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The Most Distant Way by [Gault, Ewan]
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The Most Distant Way Kindle Edition

4.7 out of 5 stars 6 customer reviews

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Length: 200 pages Word Wise: Enabled Enhanced Typesetting: Enabled
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Product Description

About the Author

Since graduating with a distinction from Glasgow University s Creative Writing Masters in 2006, Ewan Gault's short stories have been widely performed and frequently published in journals such as: "New Writing Scotland," "Gutter "Magazine and "From Glasgow to Saturn." Other short stories have won the Fish/Crime Writers Association prize in 2007, shortlisted 2008, won The Glasgow 2020 Prize, and the Runners-up prize in The Scotsman/Orange competition 2005. Last year two of his stories were shortlisted for The Scottish National Galleries Short Story Prize and The Bloody Scotland Festival Short Story Prize."

Product details

  • Format: Kindle Edition
  • File Size: 3031 KB
  • Print Length: 200 pages
  • Publisher: Holland House Books (23 Oct. 2013)
  • Sold by: Amazon Media EU S.à r.l.
  • Language: English
  • ASIN: B00G5IU6PA
  • Text-to-Speech: Enabled
  • X-Ray:
  • Word Wise: Enabled
  • Enhanced Typesetting: Enabled
  • Average Customer Review: 4.7 out of 5 stars 6 customer reviews
  • Amazon Bestsellers Rank: #718,420 Paid in Kindle Store (See Top 100 Paid in Kindle Store)
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Customer Reviews

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Top Customer Reviews

Format: Paperback Verified Purchase
This was a very interesting and enjoyable read. It is the story of two long-distance runners training in the Kenyan mountains.

The writing was very good - especially for a first novel - with a good eye for detail. I particularly like the two main characters and way the perspective alternates between them, which is fairly unique. This allows us to see them both "internally" (through their own narrative) and "externally" (through the other character's eyes) which brings the characters powerfully to life. We see their values, feelings, inner-world and self-justifications AND we see the other character's perception of them: their strengths, flaws, irritating habits. This makes them very real, and prevents us 'siding' with either - we see their true, inner nature without being suckered into their self-delusions.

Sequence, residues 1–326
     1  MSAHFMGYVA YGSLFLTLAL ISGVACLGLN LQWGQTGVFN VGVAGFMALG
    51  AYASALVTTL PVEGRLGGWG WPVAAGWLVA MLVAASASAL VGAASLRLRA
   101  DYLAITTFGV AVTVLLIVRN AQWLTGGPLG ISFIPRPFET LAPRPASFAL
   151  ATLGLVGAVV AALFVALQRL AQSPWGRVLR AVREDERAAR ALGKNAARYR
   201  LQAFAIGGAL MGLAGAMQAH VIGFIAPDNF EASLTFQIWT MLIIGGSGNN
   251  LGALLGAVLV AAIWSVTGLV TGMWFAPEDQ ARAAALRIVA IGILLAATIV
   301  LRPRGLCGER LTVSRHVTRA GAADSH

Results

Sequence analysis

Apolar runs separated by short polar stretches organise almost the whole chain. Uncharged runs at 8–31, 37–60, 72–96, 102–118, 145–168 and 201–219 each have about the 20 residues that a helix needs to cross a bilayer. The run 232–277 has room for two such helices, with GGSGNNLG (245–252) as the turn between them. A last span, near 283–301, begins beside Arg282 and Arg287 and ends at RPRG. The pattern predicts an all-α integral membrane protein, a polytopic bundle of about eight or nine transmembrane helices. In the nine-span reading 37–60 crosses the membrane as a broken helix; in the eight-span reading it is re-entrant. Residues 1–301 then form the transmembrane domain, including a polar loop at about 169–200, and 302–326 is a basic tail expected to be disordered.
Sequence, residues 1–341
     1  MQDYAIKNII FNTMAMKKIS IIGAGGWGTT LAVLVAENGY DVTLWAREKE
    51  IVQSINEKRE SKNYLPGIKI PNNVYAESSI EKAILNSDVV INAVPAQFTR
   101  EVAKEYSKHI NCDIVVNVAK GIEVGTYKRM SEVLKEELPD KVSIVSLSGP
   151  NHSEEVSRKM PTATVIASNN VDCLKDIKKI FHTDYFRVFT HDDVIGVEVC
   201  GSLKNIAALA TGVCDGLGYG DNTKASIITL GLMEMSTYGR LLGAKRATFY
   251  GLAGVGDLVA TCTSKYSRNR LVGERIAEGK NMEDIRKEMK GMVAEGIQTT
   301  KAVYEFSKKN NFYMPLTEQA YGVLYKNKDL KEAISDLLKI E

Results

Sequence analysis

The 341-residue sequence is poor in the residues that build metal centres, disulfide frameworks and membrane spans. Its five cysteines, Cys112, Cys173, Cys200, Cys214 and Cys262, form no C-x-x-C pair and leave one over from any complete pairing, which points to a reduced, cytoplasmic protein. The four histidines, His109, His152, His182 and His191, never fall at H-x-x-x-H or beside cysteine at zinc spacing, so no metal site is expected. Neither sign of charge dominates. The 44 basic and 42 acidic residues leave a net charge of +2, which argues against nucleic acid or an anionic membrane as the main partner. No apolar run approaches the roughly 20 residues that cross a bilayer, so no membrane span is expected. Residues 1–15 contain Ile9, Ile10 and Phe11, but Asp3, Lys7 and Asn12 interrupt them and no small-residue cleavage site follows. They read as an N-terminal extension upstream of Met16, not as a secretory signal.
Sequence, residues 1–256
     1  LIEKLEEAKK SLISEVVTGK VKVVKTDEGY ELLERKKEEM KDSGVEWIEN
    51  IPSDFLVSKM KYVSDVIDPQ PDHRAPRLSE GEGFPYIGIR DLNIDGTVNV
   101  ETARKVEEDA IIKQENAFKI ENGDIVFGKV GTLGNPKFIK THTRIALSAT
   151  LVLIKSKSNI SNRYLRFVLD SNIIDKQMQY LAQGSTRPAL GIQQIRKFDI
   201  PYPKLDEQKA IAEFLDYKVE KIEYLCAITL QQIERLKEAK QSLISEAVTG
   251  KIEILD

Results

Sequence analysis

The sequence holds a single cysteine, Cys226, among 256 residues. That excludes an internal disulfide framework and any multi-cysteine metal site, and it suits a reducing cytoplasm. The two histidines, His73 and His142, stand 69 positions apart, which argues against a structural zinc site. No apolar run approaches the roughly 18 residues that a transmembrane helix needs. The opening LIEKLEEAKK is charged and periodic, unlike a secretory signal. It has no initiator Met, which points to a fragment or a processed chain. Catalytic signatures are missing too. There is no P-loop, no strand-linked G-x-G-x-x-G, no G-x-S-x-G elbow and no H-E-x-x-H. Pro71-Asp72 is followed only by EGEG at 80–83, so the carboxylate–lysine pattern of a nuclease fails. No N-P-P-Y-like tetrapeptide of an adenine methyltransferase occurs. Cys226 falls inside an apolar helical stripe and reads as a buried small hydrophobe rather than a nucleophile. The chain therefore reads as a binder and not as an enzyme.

We also see how well they truly understand one another (as compared to how well they *think* they understand each other).

The other most powerful feature for me is the environment: Kenya's Rift Valley. It's not somewhere I've been, but the description of it is engrossing. Especially around the different people, attitudes, tribal identities and the various foreigners. The dialogue also shines here - the second-language English is genuine. No one bursts into exposition, yet still the sense of political unease rumbles just below the surface.

Finally, the running itself is nicely described. With some experience of this from other training, it's recognisable. From the running mindset to the 'comedians' in the street... Definitely written by a runner.

In summary, this is a great book. I'd have no hesitation recommending it to anyone. It'll certainly be of interest to anyone interested in running, Kenya, or just desperate for a real character-driven story!
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Format: Paperback
This is a fantastic debut novel, a confident, pathos filled work that sears the mind with sentences of real poetic intensity. Ostensibly a coming of age story set against the background of the Kenyan elections, it explores various dualities, mind/body, ambition/feeling, personal/political, and the meaning of home and of 'cleanliness' in both the physical and moral sense of the word. It loses one star because there are occasions where the prose gets away from itself and becomes a little lit-class self satisfied, but this really is an author to watch. I for one can't wait for his next work.
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Format: Paperback Verified Purchase
The Most Distant Way is a book which captures the senses. Set against the backdrop of Africa, that most enigmatic of continents, the story is related by a young British couple, friends and yet at times deeply at odds with one another as they travel through Kenya. Both are in training in the Rift Valley where Kenyan endurance running is at its best.
Ewan Gault's clever writing allows the reader to experience the rank smell of poverty, the bright colours of challenge and humour, the poignant effect of failed relationships and the void between humans and their understanding of one another which ultimately leads to conflict. This is a thought-provoking tale and one well worth reading.
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